The following is excerpted from the National Review. To read the full article, CLICK HERE.

There’s a rising trend for states to write legislation incorporating “mental health” as a valid excuse for student absences. Illinois joined the trend this year, following multiple other states in the two previous years. What’s more, some school districts closed early for the Thanksgiving break so that educators too could “rest and focus on mental health.”

Since the start of the pandemic, adolescent rates of depression and anxiety have doubled. While COVID-19 and school closures have had a distinct impact, in reality, student mental health was in precipitous decline even before the pandemic.

That said, the existence of a problem does not thereby justify any reaction. Simply because I have a fever doesn’t mean I should grab pills willy-nilly from a medicine cabinet, and anyone who advises me against doing so does not stand in opposition to my health. With that in mind, what are the benefits and drawbacks of mental-health days?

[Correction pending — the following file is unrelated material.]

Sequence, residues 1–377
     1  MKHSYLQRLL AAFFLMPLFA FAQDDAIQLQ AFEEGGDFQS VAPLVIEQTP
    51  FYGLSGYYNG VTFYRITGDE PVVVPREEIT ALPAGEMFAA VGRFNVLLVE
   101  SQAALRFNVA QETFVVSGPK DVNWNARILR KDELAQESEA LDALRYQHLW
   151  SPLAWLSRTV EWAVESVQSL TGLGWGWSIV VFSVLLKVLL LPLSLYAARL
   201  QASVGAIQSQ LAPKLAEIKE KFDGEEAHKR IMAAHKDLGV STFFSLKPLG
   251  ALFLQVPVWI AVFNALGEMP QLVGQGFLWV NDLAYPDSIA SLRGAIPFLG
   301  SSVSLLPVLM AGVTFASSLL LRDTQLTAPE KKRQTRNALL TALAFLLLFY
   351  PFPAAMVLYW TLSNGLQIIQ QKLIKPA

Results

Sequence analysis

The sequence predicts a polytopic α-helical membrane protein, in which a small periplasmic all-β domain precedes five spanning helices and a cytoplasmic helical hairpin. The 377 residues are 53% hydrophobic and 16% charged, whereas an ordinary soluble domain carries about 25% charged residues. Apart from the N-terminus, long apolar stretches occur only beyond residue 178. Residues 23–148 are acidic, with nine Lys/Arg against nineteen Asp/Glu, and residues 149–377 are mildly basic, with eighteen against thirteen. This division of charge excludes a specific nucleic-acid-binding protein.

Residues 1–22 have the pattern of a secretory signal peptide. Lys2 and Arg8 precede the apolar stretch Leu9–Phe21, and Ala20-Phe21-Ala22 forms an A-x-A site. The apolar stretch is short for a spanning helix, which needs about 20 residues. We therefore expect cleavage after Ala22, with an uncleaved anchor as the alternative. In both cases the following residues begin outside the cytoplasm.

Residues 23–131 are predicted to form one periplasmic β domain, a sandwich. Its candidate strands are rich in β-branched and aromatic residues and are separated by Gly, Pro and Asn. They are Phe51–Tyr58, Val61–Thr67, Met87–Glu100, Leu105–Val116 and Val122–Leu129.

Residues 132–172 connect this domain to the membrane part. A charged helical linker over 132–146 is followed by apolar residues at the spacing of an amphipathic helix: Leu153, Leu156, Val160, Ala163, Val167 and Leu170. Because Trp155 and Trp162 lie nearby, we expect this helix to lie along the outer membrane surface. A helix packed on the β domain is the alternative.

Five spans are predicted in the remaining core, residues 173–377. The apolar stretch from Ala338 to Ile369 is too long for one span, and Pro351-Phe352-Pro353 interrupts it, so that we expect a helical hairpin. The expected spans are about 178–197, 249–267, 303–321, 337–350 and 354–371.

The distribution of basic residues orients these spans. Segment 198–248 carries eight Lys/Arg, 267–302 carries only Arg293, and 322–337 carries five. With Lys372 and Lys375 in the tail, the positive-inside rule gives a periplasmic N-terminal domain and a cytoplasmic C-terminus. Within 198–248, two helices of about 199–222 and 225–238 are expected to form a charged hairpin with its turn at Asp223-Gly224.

All the popular articles that I’ve read open with the alarming statistics about student mental health and then propose days off as a response without any evidence that they actually, you know, help. At worst, they merely link internally to other articles that propose their use without proof. At best, they cite a doctor’s positive appraisal, a glorified appeal to authority. In reality, mental-health days are a newer phenomenon, and so research on them remains sparse.

Still, we can look at similar phenomena for insight. For example, extended vacations for adults — let’s call them mental-health weeks — do in fact have a benefit for an employee’s state of mind, but surveys find that these benefits last for only a few days.

To read the full article, CLICK HERE.